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What is the "orthotropic" explanation of partially erupt 2nd mandibular molars, and a deep bite  

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JawShrunk123
Active Member

So i have a deep bite, in addition to my second mandibular molars being halfway erupt, halfway buried in the gums. 

This is not ideal development obviously,  because we should have room in our jaws for all teeth including wisdom ideally. 

Is this because of a lack of forward growth? Lateral growth? Idk I cannot understand. My IMW is identical to my brothers and dads, (measured using my retainers and theirs) at around 33-35 mm. Yet they look so much better than me and have all teeth in aside from wisdoms.

 

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Posted : 23/10/2019 10:07 pm
qwerty135
Active Member

Orthotropics youtube channel has some good videos explaining the how and why of deep bites, and how they often result in partially erupted 2nd molars. I don't have the links right now(just google Orthotropics deep bite to find out), but here's my attempt at explanation.

My understanding regarding your case is that it all stems from the tongue. Check right now, where is your entire tongue, especially the sides of it? My guess is that the tongue, lacking sufficient intermolar width to stick to the palate without touching any teeth, is lightly sticking between your molars in the back. After a long time, imagine what that does...It pushes the 2nd molars on the mandible and the maxilla inwards, intruding them. As a result, your incisors overerupt to close the bite. And when you put your teeth together (without the tongue between the teeth) to check what your occlusion is, you got a deep bite. I recall Mike Mew saying that a lot of deep bite patients don't rest(ie resting oral posture) in a deep bite, but they rest with their tongue in between their molars and their incisors not in a deep bite position. It's only when an orthodontist asks them to bite together do you get that deep bite showing.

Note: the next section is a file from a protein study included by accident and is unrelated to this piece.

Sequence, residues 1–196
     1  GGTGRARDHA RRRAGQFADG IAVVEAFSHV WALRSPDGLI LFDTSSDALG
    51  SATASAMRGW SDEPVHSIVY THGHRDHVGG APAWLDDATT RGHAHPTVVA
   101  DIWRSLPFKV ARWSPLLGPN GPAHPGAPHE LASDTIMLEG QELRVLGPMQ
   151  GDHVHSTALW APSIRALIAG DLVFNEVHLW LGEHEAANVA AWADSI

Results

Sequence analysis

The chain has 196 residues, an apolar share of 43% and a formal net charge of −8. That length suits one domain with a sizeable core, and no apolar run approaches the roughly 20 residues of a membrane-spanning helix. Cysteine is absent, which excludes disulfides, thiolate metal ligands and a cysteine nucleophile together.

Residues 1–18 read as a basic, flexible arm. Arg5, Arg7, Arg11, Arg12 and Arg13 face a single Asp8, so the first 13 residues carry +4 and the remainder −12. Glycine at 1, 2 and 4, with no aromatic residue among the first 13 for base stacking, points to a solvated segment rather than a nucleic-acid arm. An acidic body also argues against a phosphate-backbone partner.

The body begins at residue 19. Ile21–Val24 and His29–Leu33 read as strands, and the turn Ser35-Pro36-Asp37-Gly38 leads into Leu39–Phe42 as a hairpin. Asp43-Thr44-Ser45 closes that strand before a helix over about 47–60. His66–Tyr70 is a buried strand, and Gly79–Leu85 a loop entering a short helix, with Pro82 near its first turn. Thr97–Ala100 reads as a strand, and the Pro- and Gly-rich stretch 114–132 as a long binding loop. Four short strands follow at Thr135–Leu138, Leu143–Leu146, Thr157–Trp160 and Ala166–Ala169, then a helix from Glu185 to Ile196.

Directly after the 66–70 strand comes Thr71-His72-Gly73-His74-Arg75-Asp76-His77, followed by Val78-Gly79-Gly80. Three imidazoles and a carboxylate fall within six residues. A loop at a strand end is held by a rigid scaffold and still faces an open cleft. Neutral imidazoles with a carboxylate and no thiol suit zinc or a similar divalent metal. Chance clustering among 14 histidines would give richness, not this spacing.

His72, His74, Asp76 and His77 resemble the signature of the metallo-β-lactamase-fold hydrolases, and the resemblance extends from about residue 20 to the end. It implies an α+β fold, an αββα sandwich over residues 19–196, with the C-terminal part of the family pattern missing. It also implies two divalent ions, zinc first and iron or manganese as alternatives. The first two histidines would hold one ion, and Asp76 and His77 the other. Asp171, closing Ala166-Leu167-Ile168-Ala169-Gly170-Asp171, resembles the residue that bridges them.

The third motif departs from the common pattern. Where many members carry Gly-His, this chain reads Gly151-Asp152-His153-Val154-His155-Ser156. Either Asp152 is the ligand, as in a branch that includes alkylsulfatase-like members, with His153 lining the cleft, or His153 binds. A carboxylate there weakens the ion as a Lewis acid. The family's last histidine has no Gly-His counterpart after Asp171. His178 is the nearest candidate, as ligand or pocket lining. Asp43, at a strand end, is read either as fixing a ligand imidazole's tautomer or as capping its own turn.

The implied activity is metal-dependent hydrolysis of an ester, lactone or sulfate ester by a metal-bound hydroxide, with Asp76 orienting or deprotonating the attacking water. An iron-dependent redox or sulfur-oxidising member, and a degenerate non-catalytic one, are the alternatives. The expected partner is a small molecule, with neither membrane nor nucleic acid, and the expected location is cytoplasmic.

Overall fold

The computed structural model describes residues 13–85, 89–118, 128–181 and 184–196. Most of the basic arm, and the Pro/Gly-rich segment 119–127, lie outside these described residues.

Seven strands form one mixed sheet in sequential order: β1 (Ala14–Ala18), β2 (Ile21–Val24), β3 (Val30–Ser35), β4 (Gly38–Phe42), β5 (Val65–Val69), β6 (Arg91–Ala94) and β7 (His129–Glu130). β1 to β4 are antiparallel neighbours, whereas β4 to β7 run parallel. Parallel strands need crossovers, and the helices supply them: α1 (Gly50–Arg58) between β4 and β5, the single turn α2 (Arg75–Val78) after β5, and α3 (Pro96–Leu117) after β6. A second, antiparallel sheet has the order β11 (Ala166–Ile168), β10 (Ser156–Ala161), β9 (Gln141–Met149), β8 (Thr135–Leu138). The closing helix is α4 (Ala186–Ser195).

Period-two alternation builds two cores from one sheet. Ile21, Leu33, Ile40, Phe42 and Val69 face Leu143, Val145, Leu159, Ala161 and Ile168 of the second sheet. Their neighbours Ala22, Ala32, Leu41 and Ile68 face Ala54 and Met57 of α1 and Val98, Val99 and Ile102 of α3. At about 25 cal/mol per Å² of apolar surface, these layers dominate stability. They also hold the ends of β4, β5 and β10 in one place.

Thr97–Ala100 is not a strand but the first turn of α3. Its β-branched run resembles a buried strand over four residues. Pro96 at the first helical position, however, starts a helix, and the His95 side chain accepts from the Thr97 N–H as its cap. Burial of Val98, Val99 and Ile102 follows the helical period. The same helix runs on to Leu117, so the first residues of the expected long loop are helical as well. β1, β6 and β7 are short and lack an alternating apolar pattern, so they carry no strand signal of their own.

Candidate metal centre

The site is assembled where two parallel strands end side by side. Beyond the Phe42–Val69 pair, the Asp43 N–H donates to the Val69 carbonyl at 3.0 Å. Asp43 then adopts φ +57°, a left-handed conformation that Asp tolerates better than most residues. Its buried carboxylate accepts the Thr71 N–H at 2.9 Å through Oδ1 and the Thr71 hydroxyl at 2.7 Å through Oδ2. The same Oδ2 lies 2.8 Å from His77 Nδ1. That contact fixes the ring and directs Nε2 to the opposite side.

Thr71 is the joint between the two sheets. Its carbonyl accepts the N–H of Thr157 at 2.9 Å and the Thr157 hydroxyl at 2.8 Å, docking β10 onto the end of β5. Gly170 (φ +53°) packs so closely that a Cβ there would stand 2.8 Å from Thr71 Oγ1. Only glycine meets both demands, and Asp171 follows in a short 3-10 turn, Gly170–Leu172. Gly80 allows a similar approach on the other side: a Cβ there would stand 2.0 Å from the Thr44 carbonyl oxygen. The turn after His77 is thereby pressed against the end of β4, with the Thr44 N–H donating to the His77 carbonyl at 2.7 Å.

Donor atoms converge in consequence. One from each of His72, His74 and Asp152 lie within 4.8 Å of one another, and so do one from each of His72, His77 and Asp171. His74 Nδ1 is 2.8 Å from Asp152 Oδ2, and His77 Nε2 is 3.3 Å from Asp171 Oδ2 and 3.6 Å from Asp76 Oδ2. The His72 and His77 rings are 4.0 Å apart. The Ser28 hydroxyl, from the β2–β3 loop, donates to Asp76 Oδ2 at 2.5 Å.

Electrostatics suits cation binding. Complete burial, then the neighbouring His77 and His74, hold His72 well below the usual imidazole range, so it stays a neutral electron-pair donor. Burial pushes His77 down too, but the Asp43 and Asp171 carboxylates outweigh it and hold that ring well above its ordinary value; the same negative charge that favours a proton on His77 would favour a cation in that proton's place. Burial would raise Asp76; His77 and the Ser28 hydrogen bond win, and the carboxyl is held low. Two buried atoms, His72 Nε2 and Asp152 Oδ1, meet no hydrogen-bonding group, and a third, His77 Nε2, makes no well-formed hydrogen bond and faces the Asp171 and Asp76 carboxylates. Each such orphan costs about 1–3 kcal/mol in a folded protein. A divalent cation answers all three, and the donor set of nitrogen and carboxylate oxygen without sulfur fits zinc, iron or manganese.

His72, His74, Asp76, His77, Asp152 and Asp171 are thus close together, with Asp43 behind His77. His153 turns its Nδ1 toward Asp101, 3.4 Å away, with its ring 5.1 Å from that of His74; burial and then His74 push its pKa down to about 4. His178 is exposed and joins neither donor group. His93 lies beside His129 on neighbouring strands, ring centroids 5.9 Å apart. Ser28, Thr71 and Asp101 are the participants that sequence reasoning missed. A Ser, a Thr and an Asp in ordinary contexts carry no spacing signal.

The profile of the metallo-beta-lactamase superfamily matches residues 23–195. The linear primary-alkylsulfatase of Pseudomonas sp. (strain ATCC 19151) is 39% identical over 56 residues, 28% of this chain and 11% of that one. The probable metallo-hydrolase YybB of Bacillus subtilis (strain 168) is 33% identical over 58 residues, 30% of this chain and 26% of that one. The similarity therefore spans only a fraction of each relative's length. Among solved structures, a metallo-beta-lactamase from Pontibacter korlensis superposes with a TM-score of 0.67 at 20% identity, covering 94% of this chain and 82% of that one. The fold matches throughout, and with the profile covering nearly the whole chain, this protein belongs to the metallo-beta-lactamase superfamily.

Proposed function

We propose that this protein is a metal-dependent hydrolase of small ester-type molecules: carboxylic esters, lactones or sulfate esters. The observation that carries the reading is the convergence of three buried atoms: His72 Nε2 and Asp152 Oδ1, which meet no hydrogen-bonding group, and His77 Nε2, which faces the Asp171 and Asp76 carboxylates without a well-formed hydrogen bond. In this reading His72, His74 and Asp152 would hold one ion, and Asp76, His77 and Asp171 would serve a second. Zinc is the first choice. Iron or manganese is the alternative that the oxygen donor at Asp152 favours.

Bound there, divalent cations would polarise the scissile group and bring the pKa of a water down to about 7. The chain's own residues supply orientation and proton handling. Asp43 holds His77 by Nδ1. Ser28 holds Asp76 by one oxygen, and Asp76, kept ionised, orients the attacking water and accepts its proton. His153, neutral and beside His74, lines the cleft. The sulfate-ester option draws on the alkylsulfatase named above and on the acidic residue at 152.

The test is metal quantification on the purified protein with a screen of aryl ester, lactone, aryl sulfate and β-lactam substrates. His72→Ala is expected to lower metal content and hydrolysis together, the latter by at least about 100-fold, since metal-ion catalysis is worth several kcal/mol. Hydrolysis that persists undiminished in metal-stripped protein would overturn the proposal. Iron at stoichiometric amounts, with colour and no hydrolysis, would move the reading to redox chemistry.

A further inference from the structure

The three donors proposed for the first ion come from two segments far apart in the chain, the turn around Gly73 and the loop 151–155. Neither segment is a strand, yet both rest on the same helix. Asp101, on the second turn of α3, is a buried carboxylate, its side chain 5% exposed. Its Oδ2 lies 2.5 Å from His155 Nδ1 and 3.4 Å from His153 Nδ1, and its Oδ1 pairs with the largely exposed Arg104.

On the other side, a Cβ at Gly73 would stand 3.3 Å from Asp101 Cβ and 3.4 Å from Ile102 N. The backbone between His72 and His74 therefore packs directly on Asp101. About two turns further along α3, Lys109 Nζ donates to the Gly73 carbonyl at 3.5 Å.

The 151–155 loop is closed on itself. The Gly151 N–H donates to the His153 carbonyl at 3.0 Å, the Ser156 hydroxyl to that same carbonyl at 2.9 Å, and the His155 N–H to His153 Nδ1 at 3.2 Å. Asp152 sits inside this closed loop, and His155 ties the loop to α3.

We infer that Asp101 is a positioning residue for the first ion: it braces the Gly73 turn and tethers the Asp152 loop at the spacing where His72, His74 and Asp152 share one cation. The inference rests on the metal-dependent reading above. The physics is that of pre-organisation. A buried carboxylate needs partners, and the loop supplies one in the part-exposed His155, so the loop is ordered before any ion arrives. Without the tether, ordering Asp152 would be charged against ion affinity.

So the cause is ultimately a lack of lateral space causing your tongue to precipitate all these issues. I don't know about why your father/brother don't have the deep bite if they have the same intermolar width; it might be just that malocclusion is highly individual and manifests itself in different ways...or that explanation might just be a cop out, like how the orthodontists cop out and attribute almost everything to genetics.

Anyway, if you're going to get treatment as opposed to just mewing, you should be careful with how your orthodontist addresses the issue. Conventional orthodontics would usually address the incisor overeruption as the root of the problem, and push the upper incisors upwards and the mandible downwards, increasing lower facial height unfavorably(an unavoidable consequence, the textbooks say). An orthotropist(or orthodontist who follows similar principles) would move the upper incisors forward and upwards and bring the mandible up to meet it at a class I occlusion, and expand the maxilla/mandible so that the tongue can fit in the palate and the molars can fully erupt.